Jazz Is Dead. Long Live Jazz.

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Art and life co-habitate, informing, imitating, and enriching each other constantly. Each week in Better Living Through Music, RFT Music writer Ryan Wasoba explores this symbiotic relationship

When I read "Vijay Iyer and the Outreachification Of Jazz" by Chris Kornellis on the Seattle Weekly's blog, my immediate response was something like, "Aw, hell no, you don't mess with Vijay." Maybe because Accelerando, the pianist's album released earlier this year, the same one that Kornellis used as a springboard-slash-target, might be my favorite jazz record to come out during my lifetime. If you are reading this and haven't heard the album's immediate title track, I encourage you to do so even if you hate jazz as much as Paul F. Tompkins.

See also:
-Vijay Iyer is Excited to Return to St. Louis, Where a Track from The New Album Was Born
-Vijay Iyer and the Outreachification of Jazz
-The Six Strangest Crossover Attempts By Jazz Musicians

This essay is neither a defense of Vijay Iyer nor a criticism of Chris Kornellis, but the article brings up my own tumultuous relationship with jazz. I went to college for jazz guitar performance for three years, where I realized I did not really love the music as much as I loved being able to major in playing guitar at college. This is a common problem among my peers, many of whom practice Charlie Parker tunes by day and listen to metal or bluegrass or reggae at night hoping that nobody is watching.

Jazz is almost harder to like than it is to love. When you love music, you give it some slack. Just ask yourself, is King Of Limbs actually good or are you just predisposed to like Radiohead? Very few people have a romantic, mind-blowing introduction to John Coltrane in which a single song changed their lives forever. People more often learn to love John Coltrane, like it or not.

Kornellis' article spoke about Vijay Iyer's "Jazz Outreach" workshops, where he teaches kids about jazz. Chances are, these kids will have to learn to love this music, since a twelve year-old whose older sister just introduced him to dubstep is unlikely to have his world turned upside down after hearing "So What" by Miles Davis.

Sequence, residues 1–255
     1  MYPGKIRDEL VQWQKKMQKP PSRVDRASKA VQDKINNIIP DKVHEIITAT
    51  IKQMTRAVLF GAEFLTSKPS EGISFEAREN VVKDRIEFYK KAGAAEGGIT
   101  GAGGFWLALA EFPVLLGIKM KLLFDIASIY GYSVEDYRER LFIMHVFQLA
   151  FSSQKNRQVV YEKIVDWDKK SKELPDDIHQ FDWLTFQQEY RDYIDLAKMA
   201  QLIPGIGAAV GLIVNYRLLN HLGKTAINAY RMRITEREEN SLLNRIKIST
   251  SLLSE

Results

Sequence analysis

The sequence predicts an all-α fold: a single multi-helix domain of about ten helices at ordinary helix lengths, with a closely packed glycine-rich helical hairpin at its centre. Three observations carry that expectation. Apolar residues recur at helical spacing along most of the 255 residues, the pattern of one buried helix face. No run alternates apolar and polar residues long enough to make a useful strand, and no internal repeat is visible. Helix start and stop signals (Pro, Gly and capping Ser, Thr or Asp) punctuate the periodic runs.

Some bash on jazz because of its relative inaccessibility, but I find this somewhat hypocritical given the tendency for the modern music lover to dig into inaccessible music. I am firm in my belief that people are listening to weirder music more often than ever before. Shit, dubstep is pretty weird.

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I enjoyed reading this, as I do all your essays.


I think that the role of jazz has always been as the counterpoint to lyrical song-driven music.  For decades, those who didn't care for lyrics or "songs" could turn to jazz, where simply the sounds made by instruments could be appreciated.


However, these days I think electronic music has stolen a lot of jazz's thunder as the counterpoint to lyrical music.  It offers an almost unlimited sound palate, and doesn't require many expensive instruments.  


When I decided to venture into non-lyrical music as a youth in the 90s, I didn't turn to jazz.  Instead I turned to Aphex Twin's "I Care Because You Do" and The Orb's "Orbus Terrarum" albums.  These were my versions of jazz.  These albums opened me up to crazy sonic landscapes, the same way that Coltrane did back in the day.  Once you start on electronic music, I think it's hard to go back to other forms, because they are all constrained in some way.  Even jazz is constrained by the sounds of the instruments involved.  I dig going out and seeing an awesome live jazz band, but chances are I'm not going to listen to jazz CDs in my spare time.  


I appreciate you sharing that Vijay Iyer track.  I enjoyed it and will definitely explore more of his stuff  The way I see it, the same thrill you get from that song, I get from listening to Squarepusher's "Iambic 9 Poetry"




I urge you to listen to the song, not just because it's awesome, but that you'll better understand what I'm getting at.





@rftmusic @RyanWasoba There's a Norwegian grindcore group called Psudoku whose album Space Grind is jazz-like in form.


 @YoungReezy Good call on the Squarepusher track. I think Four Tet and Tortoise are functionally jazz to me, so I know what you're saying. Thanks for the nice words.


 @RyanWasoba I agree...I think the spirit of jazz is what fuels a lot of the good electronic music coming out these days.  That Squarepusher track is obviously very jazz-influenced.


These days I think jazz is associated a lot with live instruments/instrument-playing prowess.  Musicians who play instruments are probably the ones who are really keeping it alive and relevant.  Generally when one says "musician" one assumes they play an actual instrument.  But nowadays with 13-year old kids making tracks on their computer we're going to see a lot more computer musicians alongside instrument musicians. 


Jazz will also always be infinitely more fun to experience live.  Watching some dude press play on a laptop with some visuals behind him will never replace the visceral experience of live jazz.


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